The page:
That’s right, in today’s article we’re going to learn a little about the ‘echo’ command. We’ll barely be scratching the surface of the ‘echo’ command. There are so many ways to use ‘echo’ that we simply can’t fit it all into an article. Do, read on!
So, what is ‘echo’? Well, basically, the ‘echo’ command is a command that tells the computer to output text – be it in the terminal or using standard output to add that text to a file. It’s useful for regular people, but you’ll find it’s most commonly used in things like bash scripting
That sort of thing, scripting, is outside the scope of this article – and probably beyond the scope of the entire site. Maybe I’ll get to it, but those would end up being long articles, or articles written in parts. Besides, I’m not really all that good with scripting. (If you are good with scripting and would like to write some articles, do let me know.)
This is how the man page describes the ‘echo’ command:
echo – display a line of text
That’s indeed what it does. When you combine it with things like variables, you open up a whole new world. I don’t actually have a very good article about variables, other than existing variables. I should probably have said article.
Anyhow, we’ll just be scratching the surface of the ‘echo’ command. There are all sorts of ways to use ‘echo’, but we’re just going to use it in ways that a new Linux user might use it. Some basic familiarity is probably a good thing.
The ‘echo’ Command:
This article requires an open terminal. If you don’t know how to open the terminal, you can do so with your keyboard – just press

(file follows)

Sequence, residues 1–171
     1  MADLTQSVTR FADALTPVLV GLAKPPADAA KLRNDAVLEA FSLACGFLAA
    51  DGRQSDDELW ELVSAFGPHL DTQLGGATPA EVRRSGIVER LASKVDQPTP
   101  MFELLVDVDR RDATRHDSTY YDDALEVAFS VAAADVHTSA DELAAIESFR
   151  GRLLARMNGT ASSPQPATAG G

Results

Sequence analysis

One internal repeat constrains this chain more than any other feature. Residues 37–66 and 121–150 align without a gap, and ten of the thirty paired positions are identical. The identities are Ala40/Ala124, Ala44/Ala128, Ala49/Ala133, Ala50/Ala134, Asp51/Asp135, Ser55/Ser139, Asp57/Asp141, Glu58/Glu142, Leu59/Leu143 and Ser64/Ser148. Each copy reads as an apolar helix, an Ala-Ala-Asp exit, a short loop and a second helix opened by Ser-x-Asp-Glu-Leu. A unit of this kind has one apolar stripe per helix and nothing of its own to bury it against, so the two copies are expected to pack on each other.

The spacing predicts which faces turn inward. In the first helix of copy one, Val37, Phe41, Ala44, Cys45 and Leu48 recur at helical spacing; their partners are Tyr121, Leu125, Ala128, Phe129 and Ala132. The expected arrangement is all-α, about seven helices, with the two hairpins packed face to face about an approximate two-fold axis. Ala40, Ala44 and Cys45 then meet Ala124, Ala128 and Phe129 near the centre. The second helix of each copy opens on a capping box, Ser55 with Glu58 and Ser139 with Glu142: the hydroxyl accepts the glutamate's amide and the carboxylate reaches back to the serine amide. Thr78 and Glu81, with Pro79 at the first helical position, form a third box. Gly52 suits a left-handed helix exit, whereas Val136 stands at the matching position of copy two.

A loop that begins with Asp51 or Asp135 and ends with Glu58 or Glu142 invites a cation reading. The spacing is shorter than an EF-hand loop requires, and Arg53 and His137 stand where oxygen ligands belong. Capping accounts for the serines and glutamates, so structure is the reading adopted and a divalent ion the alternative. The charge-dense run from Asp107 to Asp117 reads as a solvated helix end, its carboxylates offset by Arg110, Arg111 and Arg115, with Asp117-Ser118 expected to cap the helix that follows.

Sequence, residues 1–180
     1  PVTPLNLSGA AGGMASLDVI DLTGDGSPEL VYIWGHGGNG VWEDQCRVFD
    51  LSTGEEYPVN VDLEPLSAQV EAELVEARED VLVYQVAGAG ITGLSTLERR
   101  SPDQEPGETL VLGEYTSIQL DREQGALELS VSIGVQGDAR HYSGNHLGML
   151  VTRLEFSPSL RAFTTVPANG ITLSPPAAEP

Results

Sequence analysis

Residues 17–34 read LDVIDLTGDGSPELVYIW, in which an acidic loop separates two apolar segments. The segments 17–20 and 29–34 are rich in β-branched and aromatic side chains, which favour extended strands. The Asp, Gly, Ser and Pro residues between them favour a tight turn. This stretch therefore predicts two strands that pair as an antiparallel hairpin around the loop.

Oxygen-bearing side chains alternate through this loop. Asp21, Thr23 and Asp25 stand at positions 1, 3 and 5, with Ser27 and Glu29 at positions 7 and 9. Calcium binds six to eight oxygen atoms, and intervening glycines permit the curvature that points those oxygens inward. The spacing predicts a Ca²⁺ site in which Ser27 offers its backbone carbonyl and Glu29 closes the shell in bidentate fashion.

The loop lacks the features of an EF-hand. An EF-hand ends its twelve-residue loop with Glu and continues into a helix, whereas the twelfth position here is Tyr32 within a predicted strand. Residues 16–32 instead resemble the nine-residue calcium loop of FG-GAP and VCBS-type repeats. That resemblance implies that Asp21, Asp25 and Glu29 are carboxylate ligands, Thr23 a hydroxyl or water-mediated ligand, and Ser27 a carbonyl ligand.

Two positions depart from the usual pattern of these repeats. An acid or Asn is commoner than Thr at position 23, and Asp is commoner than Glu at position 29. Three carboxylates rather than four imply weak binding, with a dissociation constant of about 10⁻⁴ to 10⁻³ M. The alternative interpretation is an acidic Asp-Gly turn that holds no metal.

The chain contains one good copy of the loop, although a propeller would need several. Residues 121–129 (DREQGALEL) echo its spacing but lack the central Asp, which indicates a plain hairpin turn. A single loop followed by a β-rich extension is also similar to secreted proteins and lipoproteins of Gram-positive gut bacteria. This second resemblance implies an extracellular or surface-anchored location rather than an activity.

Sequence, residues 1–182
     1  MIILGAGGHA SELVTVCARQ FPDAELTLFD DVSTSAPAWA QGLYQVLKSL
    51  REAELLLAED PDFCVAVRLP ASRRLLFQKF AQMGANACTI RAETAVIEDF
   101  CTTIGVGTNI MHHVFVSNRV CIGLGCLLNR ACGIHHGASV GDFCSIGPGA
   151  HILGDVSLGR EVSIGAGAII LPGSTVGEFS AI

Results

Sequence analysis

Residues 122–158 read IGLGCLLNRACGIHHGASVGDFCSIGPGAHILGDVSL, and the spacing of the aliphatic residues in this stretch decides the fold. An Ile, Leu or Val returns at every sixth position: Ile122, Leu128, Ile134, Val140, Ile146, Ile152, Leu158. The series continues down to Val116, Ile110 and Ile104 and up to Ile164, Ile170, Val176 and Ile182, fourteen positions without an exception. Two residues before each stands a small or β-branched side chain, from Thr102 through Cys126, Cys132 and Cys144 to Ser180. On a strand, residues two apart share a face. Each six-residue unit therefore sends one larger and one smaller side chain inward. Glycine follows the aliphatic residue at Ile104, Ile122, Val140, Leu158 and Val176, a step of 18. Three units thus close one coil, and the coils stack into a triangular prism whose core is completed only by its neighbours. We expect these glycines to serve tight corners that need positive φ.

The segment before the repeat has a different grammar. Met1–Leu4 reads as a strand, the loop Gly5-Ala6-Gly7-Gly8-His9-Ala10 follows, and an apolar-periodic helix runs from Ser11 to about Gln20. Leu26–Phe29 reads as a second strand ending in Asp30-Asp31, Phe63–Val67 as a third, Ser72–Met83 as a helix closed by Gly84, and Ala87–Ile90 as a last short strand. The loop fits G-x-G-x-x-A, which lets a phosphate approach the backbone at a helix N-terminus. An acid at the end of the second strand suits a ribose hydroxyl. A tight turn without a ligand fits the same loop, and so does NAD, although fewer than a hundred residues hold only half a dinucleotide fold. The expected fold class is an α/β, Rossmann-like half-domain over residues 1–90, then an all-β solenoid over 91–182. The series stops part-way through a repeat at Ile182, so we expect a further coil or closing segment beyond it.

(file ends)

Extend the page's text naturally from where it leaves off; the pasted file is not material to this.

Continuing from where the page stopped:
So, how you start with this ‘echo’ command:
echo I love Linux-Tips.us
You can also add quotes, and in some cases probably should:
echo "I love Linux-Tips.us"
You can also use the > operand and echo the text to a file. Like so:
echo "I love Linux-Tips.us" > new_file.txt
Read: How To: Write Text To A File From The Terminal with “>” and “>>”
However, that’s not all you can do with the ‘echo’ command. You can also automatically fill in the information by way of environment variables. For example, try this:
Or you can try:
Read: How To: Show All Environment Variables
See? It’s good that I’ve written so many articles. I get to refer to ’em and save us all a bunch of time. So, be sure to visit those articles – especially if you’re a new user. If you’ve forgotten something, you can ‘echo’ the variable to be reminded.
This next bit is really just some information you’re gonna need down the road. I can sense it! This is a bit advanced for some of you, and you won’t need this until later in your Linux journey, but others will see this and suddenly understand the potential. If you’re new, you’ll get there.
The first thing we’re going to do is set a variable. It’s actually very easy to set your own variables in Linux. In this case, we’ll use:
Now, let’s just ‘echo’ the variable you just created:
Or, even better, you can then try:
echo "I love $x"
See? It will output the variable when you echo it. You can create all the variables you’ll realistically ever need.
You can actually format the output from the ‘echo’ command. For example, the
-e flag with the
\n separator. An example command looks like:
echo -e "I \nlove \nLinux-Tips.us"
You can format the text in a variety of ways, just read the man page. You can do quite a lot with the ‘echo’ command and you should definitely check the man page if you’re interested in exploring all the possibilities:
There’s a ton of ways to use ‘echo’ (and with it variables) for those with a clever mind. When you do move on to learn about scripting, you’ll learn that it’s a basic tool used for all sorts of things, in all sorts of clever ways.
And there you have it. You have a new article. This time, we’ve covered just the slightest bit of the ‘echo’ command. It’s enough to get your mind working, or so I hope. It’s enough to get a slight taste of the potential and to understand why you may want to be familiar with it.
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